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5 Tips to Master Environmental Portraits

There’s so much to love about environmental portrait photography. It provides often striking insight into your subject’s life and personality. It can be bold, confronting, and captivating.

Environmental portraits, also called landscape portraits, set your subject in their usual surroundings. It may be their workplace or their home. And it can reveal a tremendous amount about your subject that a portrait might not otherwise provide.

Landscape portraits tell a story, giving context to your subject’s life. But they can also help set your subject at ease and pave the way for the perfect candid portrait. Here are our top tips to help you master the art of environmental portraiture.

1. Get to know your subject

It can be tricky – in fact, almost impossible – to make a statement about your subject when you know barely anything about them. That’s why it’s a great idea before any shoot to meet your subject and learn as much about them as possible.

Find out how your subject enjoys spending his or her time. It could be hiking in the mountains or reading a book by a crackling fire.

Gauge their temperament and personality – they may be naturally enthusiastic or generally rather severe. These traits could be incorporated into the photograph.

Of course, if you’re just taking family snaps, this step isn’t entirely necessary. But either way, it’s important to consider everything that makes your subject unique so you can find that angle to make your photos just as original.

guitarist on mountaintop

2. Scout a location

This can be quite a fun option, exploring potential locations to find a landscape that appropriately reflects your subject’s interests and personality.

Consider the image below. The stark, simple background of the gym mirrors the focused look on the man’s face.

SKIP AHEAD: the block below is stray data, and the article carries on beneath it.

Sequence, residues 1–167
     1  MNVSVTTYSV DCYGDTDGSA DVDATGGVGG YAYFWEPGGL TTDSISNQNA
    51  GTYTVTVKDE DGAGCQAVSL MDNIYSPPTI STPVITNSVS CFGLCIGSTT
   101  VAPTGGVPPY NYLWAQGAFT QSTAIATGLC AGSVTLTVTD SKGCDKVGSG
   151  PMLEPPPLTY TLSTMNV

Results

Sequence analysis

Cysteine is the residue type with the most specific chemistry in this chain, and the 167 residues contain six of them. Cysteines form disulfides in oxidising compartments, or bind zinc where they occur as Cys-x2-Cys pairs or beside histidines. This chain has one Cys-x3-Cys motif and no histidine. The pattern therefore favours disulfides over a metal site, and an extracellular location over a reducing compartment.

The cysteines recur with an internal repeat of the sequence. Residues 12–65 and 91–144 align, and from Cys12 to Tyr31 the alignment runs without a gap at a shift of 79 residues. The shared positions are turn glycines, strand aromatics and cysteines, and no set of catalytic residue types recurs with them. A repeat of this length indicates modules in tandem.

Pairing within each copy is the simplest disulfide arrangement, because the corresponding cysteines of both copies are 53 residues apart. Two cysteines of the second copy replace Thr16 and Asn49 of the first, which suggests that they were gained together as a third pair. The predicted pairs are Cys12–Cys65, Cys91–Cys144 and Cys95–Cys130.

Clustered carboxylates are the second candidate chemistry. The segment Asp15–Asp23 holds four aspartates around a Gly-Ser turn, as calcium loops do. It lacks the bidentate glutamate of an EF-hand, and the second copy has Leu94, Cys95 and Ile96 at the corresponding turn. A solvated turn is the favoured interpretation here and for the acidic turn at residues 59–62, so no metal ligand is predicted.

male at gym

There is enough detail to give context to the portrait, but not so much that your eye is distracted by the background.

You need to survey a location thoroughly before you even begin a shoot. It’s worth thinking about place where your subject can pose, how the lighting works, and from what angles you’ll want to take the images.

3. Master the light

While we’re on the subject of light, it’s important you’re prepared for any eventuality. If you’re shooting outdoors, you need to consider options for both overcast and excessively sunny days.

It can help to master flash photography by learning how to bounce light off walls and by getting the hang of different flash accessories.

The key is to stick to natural lighting wherever possible. If a room is too dark, lead your subject to an open window for a filtered light effect.

man with fedora on street

4. Create comfort with clothes and props

Your subjects aren’t always going to be seasoned models used to taking directions. And for most people, having a camera trained on them can be a disconcerting concept.

That’s why it can help to let your subject wear clothes they’re most comfortable in. It allows for a candid photograph – they’re not dressed to the nines in clothes you would never typically see them in.

Another idea is to include a prop, at least for the start of the shoot. It can loosen your subject up and help them forget the camera is there.

For example, if your subject is a baker, you can let them become immersed in the task of kneading dough. As long as your prop keeps to the theme and tells us something about the person you’re photographing.

female guitarist sits on bridge

5. Prepare your camera settings

The idea with environmental portrait photography is to find a balance between your main point of interest and the background detail. Your portrait should not draw attention from your subject, but it should include details to enhance the story.

If you want to keep both the foreground and background in equal focus, use a smaller aperture (represented by larger numbers). But if the location seems too detailed or cluttered, or if it draws attention away from the subject, try a narrower aperture – that’s f stops of about f/3.2 or f/4 – to blur the background.

Using a wider focal length helps give bring the surroundings into the picture in greater detail. This is not the time for your telephoto lens!

Finally, make sure you experiment with a mixture of settings throughout the shoot. You never know which effects will work the best, so having a good stock of photos is an easy way to achieve the best possible outcome!

Learn more about portrait photography – and other forms of photography – today on our Camera House blog. Or if you want to take your skills to the next level, browse through our huge range of top quality cameras and camera accessories online.

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1 comment

  • Kate says:

    Great tips & pics. Will you be providing any tips on food or botanical photography in the near future.
    Tx Kate

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